Neil Elder’s shed


Garden Time
“A big stick is what you need.”
I remember saying as he hacked about
the garden of our first home,
armed with just a set of shears.

The house had stood so long deserted
it was hard to know quite where to start;
inside or out, back or front?
Wherever we began, the work was hard and wearing.
Every evening we collapsed into each other’s company,
and spoke of where the paths we made would lead.

Well, I had just remarked about the stick
when he then shouted “Snake!”
From under the compost heap it came,
two foot in length at least;
a green brown blur that slid beneath the shed.
“There’s more life in this garden
than we dreamt,” he said.
And so we left a corner to grow wild
and shifted our attention to the rest.
Neil has had work published in various magazines such as Acumen, Prole, Envoi, South and The Interpreter’s House. The recent anthology from Belgrave Press, ‘The Book of Love and Loss’ includes work by him. In 2014 Neil was shortlisted for The Frogmore Poetry prize and the Wells Literary Festival Poetry Competition. Neil is a member of Herga Poets in Harrow with whom he has done several readings, including at the Poetry Cafe in Covent Garden. Neil teaches in Ealing and has a young family to test his writing on.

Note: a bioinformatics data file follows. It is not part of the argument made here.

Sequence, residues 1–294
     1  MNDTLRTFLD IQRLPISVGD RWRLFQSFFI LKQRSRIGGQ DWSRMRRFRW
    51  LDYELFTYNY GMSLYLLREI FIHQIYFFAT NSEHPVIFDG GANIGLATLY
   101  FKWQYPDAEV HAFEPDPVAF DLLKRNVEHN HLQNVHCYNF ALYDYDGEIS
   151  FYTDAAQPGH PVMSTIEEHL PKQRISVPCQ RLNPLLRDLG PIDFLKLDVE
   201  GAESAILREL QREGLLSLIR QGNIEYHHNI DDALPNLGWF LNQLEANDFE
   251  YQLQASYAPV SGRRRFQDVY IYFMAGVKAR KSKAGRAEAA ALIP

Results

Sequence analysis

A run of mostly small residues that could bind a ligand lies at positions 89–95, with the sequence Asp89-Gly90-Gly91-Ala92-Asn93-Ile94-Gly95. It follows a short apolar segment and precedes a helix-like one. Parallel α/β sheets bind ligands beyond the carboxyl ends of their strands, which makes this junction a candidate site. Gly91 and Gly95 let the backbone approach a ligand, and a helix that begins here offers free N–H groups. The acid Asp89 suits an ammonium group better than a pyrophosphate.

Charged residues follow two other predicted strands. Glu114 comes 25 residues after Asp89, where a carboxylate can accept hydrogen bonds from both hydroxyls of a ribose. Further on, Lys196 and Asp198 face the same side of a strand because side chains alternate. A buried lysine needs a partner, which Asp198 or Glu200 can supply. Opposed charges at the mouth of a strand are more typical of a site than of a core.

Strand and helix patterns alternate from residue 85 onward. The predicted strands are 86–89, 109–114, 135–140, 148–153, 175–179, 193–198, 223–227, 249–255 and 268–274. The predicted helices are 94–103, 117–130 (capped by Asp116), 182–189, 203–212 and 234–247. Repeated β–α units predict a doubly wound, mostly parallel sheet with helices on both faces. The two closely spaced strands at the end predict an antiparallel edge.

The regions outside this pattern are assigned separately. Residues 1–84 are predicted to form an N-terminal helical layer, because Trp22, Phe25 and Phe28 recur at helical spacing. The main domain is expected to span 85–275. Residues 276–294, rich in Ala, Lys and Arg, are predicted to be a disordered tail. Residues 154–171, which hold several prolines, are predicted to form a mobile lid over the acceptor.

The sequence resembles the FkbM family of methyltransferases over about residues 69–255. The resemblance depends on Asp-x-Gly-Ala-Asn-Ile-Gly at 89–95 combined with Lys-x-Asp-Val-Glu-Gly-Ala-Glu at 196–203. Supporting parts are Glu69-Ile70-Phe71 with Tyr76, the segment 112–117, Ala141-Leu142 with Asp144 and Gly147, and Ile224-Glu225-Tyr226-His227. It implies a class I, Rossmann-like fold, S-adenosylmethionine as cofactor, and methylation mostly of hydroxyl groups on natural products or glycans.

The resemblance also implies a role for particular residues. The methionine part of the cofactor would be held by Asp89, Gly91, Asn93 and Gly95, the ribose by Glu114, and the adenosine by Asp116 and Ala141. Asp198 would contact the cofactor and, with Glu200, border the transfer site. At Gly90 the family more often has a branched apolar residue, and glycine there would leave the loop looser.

4 thoughts on “Neil Elder’s shed”

  1. Excellent story telling. And I love how the poem ends – with a corner left alone for wild life could still be wild 😀 Reminds me of a rural homes where I have lived in the past. Thanks.

  2. “and spoke of where the paths we made would lead.” My favourite line in this poem – makes me think of the beginning of new relationships, with each other or with a new home or garden. And the shed the pivotal part of all this. And how we create our own paths, watching out for those snakes in the grass that can slither into view with no warning. I enjoyed this poem – thank you.

  3. The very generous comments prove what a useful and interesting site this is – knitting us together. / I found myself in a new home cutting stuff down in the garden and I realised my first acts had been to get rid of plants rather than to grow things. I decided to think more about what I left to grow and I have little interest in a perfectly manicured garden. The urban wildlife continues to thank me by visiting.


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